For children diagnosed with ADHD, there can be a number of treatment options including medication and some form of psychotherapy. Another treatment option that is often overlooked is occupational therapy (OT).
What is Occupational Therapy?
An occupational therapists typically has a master’s degree, are certified in their field and licensed in the state where they practice. They might work in a hospital, clinic, or private practice. Some occupational therapists are based at a school.
They help kids with ADHD in several ways:
- Improve executive function skills – e.g., planning, prioritizing and focusing
- Physical coordination
- Performing everyday tasks like taking a shower or making their bed quickly and well
- Control their impulsiveness and hyperactivity
- Cope with sensory issues
Ultimately, the primary goal of the occupational therapist is to enable kids with ADHD to participate in the activities of everyday life. Their work can focus on two types of strategies:
- Remedial strategies – These aim to restore an impaired capacity.
- Adaptive strategies – These modify routines and habits, or teach skills to cope with difficulties.
The OT Session
The initial OT session will generally consist of an evaluation to determine how ADHD is affecting your child’s home life, social interactions and schooling. The therapist may conduct tests to determine your child’s strengths and weaknesses in certain areas. Follow-on sessions may include:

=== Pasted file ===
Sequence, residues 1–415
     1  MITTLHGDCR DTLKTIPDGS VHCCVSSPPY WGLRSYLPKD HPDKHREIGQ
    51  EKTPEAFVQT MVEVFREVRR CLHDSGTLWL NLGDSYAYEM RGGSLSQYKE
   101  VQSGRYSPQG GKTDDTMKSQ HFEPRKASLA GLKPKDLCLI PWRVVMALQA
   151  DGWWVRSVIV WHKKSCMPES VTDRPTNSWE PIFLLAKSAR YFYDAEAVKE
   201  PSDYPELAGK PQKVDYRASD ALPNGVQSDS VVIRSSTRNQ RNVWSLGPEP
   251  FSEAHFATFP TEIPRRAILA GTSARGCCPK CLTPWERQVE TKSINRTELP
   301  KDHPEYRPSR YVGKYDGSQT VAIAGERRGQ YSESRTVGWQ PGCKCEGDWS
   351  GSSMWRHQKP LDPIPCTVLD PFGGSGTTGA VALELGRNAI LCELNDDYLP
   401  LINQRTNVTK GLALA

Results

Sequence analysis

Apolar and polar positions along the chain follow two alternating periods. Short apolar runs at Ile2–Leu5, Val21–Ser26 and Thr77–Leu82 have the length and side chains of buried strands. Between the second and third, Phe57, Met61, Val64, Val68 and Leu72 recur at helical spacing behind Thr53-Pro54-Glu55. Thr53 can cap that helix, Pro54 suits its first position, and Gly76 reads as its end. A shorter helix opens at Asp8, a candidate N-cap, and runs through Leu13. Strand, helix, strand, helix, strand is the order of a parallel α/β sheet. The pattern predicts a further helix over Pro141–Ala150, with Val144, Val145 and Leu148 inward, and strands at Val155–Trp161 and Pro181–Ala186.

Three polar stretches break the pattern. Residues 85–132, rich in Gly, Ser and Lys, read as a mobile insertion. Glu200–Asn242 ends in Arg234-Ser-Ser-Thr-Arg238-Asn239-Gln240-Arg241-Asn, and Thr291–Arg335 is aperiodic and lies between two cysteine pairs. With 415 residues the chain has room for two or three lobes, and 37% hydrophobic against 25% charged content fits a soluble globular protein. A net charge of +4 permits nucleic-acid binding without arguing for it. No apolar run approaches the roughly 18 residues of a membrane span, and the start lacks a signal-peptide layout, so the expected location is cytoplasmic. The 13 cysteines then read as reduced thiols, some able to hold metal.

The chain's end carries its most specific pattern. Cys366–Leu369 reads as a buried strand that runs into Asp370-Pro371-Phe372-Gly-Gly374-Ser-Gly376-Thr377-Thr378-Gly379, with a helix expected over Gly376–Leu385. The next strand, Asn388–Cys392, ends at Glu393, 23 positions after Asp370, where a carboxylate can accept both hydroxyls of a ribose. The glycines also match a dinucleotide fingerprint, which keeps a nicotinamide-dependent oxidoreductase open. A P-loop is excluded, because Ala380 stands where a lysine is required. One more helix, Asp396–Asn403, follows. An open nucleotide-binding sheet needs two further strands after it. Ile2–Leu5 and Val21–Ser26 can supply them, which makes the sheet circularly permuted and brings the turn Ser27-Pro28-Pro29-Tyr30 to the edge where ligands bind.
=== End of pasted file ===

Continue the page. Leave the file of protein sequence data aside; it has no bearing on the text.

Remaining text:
- Playing games, such as catching or hitting a ball to improve physical coordination
- Activities to work out anger and aggression
- Learning new ways to do daily tasks like brushing teeth, getting dressed, or feeding themselves.
- Techniques to improve focus and concentration
- Reviewing social skills
- Work on time management
- Setting up ways to stay organized
- Using sensory therapy to help them better process sights, sounds, smell,etc. without becoming overwhelmed
The mix of activities will depend on the child’s area of greatest need.
OT at Home
Unfortunately, occupational therapy may be out of reach for many children due to location, cost, or lack of school services. This is especially true in our COVID constrained world. For these kids, there are OT-designed exercises that parents can use to help their ADHD child build executive functions, encourage independence, and improve academic and social performance. Here are some you can use, recommended by Cara Koscinski, MOT, OTR/L.
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